This project took a lot of teamwork and communication to follow through to the end. Trinity's rep was careful in helping the homeowner first understand how the insurance company was able to help with the restoration—the insurance company had the homeowner sign a release so they could discuss the project with their sales rep. A lot of factors were in play: because the original metal shake of the home had hidden fasteners, the skylights couldn't be replaced without removing the whole roof, which we did, saving the shakes for the homeowner.
Addressing the ventilation of the home was imperative. No matter how good the replacement materials were, the home would suffer heat loss and roof slumping without proper airflow. To increase the airflow by measurement throughout the home, our crews installed wood blocking around the perimeter of the eaves, rakes, and skylights to support the foam for the cross-vent. Then they installed soffit to bring air into the attic, and the Owens Corning VentSure to allow moist air to be drawn out of the attic, creating airflow to prevent ice dams. Additional insulation kept the house warm below.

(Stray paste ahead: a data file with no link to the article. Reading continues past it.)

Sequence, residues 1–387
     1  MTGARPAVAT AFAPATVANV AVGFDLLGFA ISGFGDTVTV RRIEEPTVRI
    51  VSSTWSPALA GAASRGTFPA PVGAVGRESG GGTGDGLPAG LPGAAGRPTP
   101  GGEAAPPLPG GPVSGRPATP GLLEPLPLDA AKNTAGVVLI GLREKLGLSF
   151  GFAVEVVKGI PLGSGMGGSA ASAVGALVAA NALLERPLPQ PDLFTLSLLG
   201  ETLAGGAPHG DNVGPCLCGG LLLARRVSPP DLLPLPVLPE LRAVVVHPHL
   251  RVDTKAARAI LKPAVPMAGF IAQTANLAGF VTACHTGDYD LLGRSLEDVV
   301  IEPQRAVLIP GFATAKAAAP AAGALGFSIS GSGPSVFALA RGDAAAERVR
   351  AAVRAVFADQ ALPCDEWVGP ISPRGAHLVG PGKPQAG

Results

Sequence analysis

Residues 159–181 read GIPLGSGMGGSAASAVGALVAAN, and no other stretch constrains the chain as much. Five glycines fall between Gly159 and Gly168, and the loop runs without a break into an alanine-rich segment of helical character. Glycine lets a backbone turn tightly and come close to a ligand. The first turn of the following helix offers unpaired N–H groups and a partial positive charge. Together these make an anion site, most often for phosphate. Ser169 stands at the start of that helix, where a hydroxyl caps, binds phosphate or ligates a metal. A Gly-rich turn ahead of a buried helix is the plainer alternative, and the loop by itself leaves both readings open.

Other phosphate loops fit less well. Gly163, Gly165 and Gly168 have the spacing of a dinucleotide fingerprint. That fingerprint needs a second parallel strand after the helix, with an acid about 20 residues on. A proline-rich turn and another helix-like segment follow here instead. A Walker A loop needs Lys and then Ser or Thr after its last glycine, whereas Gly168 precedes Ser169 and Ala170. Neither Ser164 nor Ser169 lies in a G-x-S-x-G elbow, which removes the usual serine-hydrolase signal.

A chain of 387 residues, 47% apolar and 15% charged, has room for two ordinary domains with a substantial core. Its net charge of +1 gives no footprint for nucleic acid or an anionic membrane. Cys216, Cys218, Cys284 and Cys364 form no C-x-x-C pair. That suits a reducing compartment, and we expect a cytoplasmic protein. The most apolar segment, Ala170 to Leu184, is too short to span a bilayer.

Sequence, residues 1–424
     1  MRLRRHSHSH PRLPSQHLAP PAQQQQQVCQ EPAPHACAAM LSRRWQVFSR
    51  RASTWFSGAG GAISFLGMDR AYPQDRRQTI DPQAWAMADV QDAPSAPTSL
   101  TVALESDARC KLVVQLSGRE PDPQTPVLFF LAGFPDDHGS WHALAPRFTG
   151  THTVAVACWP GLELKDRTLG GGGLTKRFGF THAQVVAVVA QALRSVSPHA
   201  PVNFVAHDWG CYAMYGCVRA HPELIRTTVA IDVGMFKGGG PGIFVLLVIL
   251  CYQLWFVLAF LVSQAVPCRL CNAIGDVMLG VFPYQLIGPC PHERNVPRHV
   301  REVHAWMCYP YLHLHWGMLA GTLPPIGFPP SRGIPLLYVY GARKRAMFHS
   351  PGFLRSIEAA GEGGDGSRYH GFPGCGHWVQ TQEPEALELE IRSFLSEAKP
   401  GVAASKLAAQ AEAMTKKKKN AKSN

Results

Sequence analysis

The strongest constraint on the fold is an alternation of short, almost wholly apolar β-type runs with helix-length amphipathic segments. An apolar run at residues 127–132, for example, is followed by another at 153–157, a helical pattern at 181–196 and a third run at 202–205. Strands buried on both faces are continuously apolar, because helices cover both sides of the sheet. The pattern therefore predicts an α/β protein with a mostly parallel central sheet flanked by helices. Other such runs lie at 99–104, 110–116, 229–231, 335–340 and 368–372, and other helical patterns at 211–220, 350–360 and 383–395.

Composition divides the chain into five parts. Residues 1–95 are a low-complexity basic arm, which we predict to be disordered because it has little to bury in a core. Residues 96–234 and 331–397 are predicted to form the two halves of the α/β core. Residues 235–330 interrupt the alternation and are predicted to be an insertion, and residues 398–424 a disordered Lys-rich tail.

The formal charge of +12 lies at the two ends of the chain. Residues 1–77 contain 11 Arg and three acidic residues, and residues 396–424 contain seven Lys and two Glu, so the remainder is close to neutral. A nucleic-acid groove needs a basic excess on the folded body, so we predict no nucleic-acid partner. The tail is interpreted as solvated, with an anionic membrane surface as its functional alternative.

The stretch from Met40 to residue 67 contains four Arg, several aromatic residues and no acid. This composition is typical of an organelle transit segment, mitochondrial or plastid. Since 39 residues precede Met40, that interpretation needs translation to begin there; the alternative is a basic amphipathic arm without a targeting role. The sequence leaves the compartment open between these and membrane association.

Next was getting the roof to code. We addressed the flat roof issues by consulting with the original manufacturer of the synthetic underlayment to see what solutions were available for the homeowner. They were able to suggest a coating to keep the roof healthy for a number more years without a full replacement. For the sloped roof, we installed Owens Corning Deck Defense Underlayment to bring the roof to code and prevent water from finding its way to the roofing decking.
Finally, before installing the Owens Corning Duration Cool Shingles in Frosted Oak, we replaced the damaged skylights, and the solar company installed their lag bolts for the panels.
The following winter, the home was dry, warm and had no signs of the ice dams that had plagued it for so long.